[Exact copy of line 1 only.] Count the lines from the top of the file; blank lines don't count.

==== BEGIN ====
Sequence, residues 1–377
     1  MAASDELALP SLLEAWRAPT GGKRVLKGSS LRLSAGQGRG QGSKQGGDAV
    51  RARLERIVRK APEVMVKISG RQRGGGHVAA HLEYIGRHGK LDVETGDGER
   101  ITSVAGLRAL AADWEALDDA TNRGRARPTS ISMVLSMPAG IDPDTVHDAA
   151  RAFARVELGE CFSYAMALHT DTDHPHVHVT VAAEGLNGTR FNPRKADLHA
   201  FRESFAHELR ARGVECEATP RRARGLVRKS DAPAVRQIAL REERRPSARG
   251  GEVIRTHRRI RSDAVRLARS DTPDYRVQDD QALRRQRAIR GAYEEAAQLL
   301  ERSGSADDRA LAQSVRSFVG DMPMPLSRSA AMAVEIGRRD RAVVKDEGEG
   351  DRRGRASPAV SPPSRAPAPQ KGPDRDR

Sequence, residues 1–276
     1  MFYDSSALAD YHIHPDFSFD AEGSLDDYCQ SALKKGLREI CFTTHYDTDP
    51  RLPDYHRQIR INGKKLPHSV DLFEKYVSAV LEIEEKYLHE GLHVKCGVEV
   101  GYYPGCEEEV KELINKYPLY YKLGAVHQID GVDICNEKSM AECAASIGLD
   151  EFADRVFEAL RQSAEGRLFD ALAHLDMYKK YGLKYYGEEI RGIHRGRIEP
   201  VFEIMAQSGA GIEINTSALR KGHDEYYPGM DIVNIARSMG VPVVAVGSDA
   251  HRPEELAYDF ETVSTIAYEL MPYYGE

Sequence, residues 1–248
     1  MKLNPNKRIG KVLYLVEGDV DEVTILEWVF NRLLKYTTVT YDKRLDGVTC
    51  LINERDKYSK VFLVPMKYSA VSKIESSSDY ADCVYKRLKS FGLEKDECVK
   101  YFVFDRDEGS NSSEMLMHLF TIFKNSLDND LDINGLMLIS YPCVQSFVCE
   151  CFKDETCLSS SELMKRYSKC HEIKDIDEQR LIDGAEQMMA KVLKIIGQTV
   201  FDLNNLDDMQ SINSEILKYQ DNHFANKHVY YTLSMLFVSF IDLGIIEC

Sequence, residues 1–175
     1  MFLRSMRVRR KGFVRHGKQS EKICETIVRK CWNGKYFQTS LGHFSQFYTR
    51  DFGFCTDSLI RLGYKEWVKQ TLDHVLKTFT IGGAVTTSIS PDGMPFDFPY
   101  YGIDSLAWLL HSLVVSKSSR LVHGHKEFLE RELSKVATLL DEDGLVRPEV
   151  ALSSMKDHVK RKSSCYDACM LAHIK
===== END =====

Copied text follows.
Sequence, residues 1–377